Dhaka, Bangladesh
Does Finland have all answers?

Does Finland have all answers?

Writes Jon Henley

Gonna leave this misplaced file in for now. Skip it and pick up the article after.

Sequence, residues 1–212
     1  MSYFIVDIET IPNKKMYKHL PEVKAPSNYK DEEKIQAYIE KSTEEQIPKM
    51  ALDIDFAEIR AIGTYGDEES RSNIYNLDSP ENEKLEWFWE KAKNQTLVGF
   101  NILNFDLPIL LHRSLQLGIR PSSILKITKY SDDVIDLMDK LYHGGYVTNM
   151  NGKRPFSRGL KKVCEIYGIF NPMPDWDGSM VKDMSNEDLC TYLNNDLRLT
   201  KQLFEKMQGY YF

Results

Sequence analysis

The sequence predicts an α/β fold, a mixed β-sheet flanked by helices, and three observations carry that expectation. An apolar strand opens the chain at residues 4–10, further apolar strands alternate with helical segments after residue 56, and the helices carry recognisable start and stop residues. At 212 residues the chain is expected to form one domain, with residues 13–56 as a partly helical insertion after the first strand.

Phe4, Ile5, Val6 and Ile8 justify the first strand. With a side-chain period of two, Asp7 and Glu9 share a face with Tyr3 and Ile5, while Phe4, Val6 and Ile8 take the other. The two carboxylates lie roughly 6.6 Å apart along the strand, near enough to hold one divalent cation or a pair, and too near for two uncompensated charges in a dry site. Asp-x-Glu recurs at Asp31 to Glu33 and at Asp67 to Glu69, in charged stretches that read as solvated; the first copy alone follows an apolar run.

Western Europe’s last naturally caused famine ended 150 years ago this winter. In a poor and backward part of the Russian empire called Finland, more than a quarter of a million people – nearly 10% of the population – starved to death. Last year, on the centenary of its independence, Finland was ranked, by assorted international indices, the most stable, the safest and the best-governed country in the world. It was also the third wealthiest, the third least corrupt, the second most socially progressive and the third most socially just. Finland’s judicial system is the most independent in the world, its police the most trusted, its banks the soundest, its companies the second most ethical, its elections the second freest, and its citizens enjoy the highest levels of personal freedom, choice and well-being. The Nordic country’s 5.5mn inhabitants are also the third most gender-equal in the world and have the fifth lowest income inequality. Their babies are the least underweight, their kids feel the most secure, and their teens perform the second best at reading (only third at science, though). In a century and a half, they seem to have done rather well. And so, as the Guardian embarks on a new series investigating the things that are going right in the world, it feels natural to start in Helsinki. “If you look at where we were then and where we are now, I think, absolutely, you can talk about a Finnish miracle,” said Bengt Holmström, a Helsinki-born Nobel prize-winning economist not much given to exaggeration. “How and why did it happen? Now that’s a question.” There are limits, of course, to the usefulness of this kind of exercise: no two countries – their circumstances, their histories, their people – can be the same. Learnings may not be transferrable. The magic sauce that made Finland would not produce the same results in, say, France. It is true, too, that shown the long list of social and economic measures by which their country can only be judged a success, many Finns snort: emerging slowly from a long recession, with unemployment at 8% and a populist, nationalist party garnering up to 20% of the vote, the country’s not what it was, they say. Often, the response – only semi-joking – is, “You mean other countries are worse?” But inquiring after the sauce’s recipe of, among others, an economist, a philosopher, a sociologist and an ex-president, intriguing ingredients emerge. To begin with, the geography – and its consequence, the climate.“We live,” Tarja Halonen, Finland’s president from 2000 to 2012, says carefully, “in a cold, harsh and remote place. Every person has to work hard for themselves. But that is not always enough. You have to help your neighbours.” Bruce Oreck, who served as Barack Obama’s ambassador to Helsinki (he liked it so much he stayed), says this has been “a profound, long-term influence. It’s made Finns self-reliant, private, but also dependent on a highly co-operative society, where rules matter. It’s cultural, but it’s become part of the chemistry.” Of all the Finnish words that are hard to translate into English, the one Finns cite most is sisu: a kind of dogged, courageous persistence regardless of consequence. It is what, in 1939-40, allowed an army of 350,000 men to twice fight off Soviet forces three times their number, and inflict losses five times heavier than those they sustained. But there is another that is, perhaps, more revealing, says Sirpa Kähkönen, an award-winning historical novelist. Talkoo means “working together, collectively, for a specific good”, she says.“Getting the harvest in, stocking wood, raising money. It’s about co-operating. Everyone together, equally.” Co-operation, but also relative equality, are recurring themes. Ruled for almost 600 years by Sweden and a further century by Russia, Finland was “generally and democratically poor”, says Kähkönen. “There were no serfs, but no wildly wealthy aristocrats either. Society was not hierarchical.” Since long before independence in 1917, says Riitta Jallinoja, a sociologist, “gaps between the social classes in Finland have been smaller than usual. Even the industrial revolution here was modest: no Rothschilds, no Fords, not even a dynasty like Sweden’s Wallenbergs.” Even in today’s clean, functional, visibly prosperous Helsinki, that still sort of holds.“You can be walking down the street next to the richest guy in town, and you really wouldn’t know,” says Oreck. In Finland, insists Halonen, “You don’t look up at people, and you don’t look down. You look level.” The country’s most successful current firm, games studio Supercell, creator of Clash of Clans, paid over €800mn in tax, producing seven of Finland’s top 10 income tax payers in 2016. Along with the rest of the country’s 10,000 or so highest earners, the amount they pay is published in an annual list, on “national envy day”. Finland is big on civic duty, but also on transparency. The success of the country’s free national education system, established before independence in 1866 and regularly ranked among the world’s best, also has its roots in a more egalitarian society, says Jallinoja: “Education was the key to advancement.” Not only that, says the philosopher and professor emeritus Ilkka Niiniluoto, but the whole country is actually “a social construction created by university professors.”

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